… you adopted an older child. Clearly it is the older children who really need homes because EVERYONE wants a baby.  Obviously NOT everyone wants a baby.  (In my travel group of 10 families, only three families brought home kids under a year – they were all 11 months old.  Our group also included a 6-yr-old, 5-yr-old, 4-yr-old, 3-yr-old, 2-yr-old… you get the picture.)  However, I won’t argue that many people do request “young-as-possible” – which is the choice our family made.  So, on the surface this works as a demand side argument.

But on the supply side it stands to reason that there would be more babies and toddlers available.  I can imagine a million scenarios, here is one: if I am subsistence farming and my sister dies, I can more easily take in her 12-yr-old and 10-yr-old as they can “earn their keep.”  And on an emotional level, I am probably more attached to them. But her 5-month-old and two-year-old are two more mouths to feed that have no way to contribute.  Guess who is more likely to end up in the care center?  So what is the proper ration of older children to babies in a care-center?  Did you count heads when you were in Ethiopia?  Do you track all the placements your agency or the care-centers they work with are doing?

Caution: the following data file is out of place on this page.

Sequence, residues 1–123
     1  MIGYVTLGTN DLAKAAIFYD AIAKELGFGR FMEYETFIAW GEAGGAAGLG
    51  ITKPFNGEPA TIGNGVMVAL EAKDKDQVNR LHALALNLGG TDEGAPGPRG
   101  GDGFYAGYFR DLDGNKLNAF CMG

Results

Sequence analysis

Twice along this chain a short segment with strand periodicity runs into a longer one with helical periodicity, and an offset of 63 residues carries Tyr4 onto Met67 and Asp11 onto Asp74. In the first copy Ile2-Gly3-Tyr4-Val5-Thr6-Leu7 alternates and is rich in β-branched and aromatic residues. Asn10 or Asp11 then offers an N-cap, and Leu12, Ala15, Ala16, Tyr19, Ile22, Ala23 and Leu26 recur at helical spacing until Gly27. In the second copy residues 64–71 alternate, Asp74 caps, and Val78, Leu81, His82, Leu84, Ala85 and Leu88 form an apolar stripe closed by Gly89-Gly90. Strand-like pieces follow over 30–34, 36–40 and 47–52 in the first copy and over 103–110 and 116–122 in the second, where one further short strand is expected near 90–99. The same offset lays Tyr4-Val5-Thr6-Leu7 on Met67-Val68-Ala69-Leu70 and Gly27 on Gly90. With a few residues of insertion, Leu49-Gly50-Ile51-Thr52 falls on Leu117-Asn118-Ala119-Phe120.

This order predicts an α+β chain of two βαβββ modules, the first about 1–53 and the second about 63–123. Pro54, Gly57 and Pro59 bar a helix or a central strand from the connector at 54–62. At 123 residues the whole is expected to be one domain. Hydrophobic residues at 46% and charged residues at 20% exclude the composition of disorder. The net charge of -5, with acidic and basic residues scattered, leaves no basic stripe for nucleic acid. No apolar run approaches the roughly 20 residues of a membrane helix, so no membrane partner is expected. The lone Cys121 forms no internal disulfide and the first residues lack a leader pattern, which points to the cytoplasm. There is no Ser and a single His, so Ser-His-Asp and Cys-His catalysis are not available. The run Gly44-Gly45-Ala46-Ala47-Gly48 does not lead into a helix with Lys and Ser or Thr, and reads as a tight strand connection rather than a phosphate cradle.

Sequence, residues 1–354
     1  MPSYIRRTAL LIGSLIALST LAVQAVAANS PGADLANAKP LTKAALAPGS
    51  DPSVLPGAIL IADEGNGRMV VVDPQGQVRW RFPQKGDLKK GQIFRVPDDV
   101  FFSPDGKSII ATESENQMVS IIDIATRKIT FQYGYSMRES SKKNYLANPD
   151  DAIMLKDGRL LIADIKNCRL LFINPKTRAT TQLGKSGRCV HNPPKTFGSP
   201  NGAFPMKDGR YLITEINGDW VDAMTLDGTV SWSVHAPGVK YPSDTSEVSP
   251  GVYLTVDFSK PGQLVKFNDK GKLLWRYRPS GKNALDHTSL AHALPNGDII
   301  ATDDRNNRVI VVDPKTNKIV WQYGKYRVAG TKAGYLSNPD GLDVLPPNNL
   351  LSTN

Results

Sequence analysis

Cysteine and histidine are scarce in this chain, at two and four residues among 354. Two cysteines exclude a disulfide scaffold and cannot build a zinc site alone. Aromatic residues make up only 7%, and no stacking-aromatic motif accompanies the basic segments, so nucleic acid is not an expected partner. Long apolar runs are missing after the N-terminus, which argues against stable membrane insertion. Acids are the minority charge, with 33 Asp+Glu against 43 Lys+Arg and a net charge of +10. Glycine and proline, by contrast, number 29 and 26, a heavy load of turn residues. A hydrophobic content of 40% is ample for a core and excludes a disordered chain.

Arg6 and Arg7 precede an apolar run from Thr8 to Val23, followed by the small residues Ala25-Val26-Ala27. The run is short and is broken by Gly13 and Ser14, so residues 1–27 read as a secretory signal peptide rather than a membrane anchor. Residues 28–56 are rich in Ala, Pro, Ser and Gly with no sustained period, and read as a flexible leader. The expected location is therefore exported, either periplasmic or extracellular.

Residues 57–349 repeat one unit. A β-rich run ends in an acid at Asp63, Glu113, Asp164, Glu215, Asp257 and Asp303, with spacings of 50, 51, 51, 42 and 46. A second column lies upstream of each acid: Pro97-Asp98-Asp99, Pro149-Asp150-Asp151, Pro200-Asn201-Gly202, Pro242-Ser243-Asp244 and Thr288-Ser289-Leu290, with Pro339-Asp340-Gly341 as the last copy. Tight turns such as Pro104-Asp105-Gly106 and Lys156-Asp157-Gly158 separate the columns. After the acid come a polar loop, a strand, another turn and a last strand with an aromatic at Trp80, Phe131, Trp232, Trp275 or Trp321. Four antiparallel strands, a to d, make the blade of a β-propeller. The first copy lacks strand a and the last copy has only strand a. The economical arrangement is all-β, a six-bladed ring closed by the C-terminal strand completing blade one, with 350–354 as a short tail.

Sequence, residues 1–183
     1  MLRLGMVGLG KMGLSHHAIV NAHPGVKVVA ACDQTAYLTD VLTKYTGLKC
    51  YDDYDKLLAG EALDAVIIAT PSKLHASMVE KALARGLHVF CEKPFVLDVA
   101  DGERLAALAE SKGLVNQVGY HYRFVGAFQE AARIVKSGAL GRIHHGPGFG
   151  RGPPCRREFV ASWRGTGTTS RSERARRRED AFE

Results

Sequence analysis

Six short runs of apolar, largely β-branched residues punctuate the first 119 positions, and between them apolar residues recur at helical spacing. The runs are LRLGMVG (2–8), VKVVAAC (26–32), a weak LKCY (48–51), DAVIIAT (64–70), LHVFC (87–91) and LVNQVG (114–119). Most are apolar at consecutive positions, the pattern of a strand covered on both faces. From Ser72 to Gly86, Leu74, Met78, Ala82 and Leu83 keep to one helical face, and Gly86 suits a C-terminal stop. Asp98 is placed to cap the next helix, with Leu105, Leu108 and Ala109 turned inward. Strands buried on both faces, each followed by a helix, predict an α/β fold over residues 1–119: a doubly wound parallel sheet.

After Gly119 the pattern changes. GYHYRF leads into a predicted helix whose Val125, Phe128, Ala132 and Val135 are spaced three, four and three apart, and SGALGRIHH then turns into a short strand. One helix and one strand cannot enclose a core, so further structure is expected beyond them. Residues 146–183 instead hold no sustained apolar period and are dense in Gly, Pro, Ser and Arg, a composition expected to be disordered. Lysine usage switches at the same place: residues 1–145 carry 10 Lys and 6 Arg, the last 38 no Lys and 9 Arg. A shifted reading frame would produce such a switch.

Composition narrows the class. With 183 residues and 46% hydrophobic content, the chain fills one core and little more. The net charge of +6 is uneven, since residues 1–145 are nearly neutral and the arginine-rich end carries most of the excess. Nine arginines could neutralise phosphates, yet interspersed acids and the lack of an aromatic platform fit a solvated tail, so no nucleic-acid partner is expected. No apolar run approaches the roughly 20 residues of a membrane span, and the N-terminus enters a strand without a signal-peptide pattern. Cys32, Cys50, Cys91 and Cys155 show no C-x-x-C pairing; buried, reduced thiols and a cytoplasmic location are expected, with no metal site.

If you were running a shady operation wouldn’t you make sure to include special needs and older children in your mix so you wouldn’t look so suspicious even if the demand is lower?

…you got to meet the birth family. But you didn’t just meet the birth family, you videotaped the meeting and you hired your own translator to reinterpret the audio.  Do you really believe an agency that would pay for stolen babies would be opposed to hiring actors and actresses to pose as birth parents?  And in a country ravaged by poverty where people are selling/kidnapping babies, don’t you think it would be easy to find people to “play the part” of grieving relatives?  From what I could tell the acting wouldn’t be that tough.  Look really sad and uncomfortable, that’s the kind of acting even I can pull off.  And yes, there is a court process, but come on, people lie in court all the time.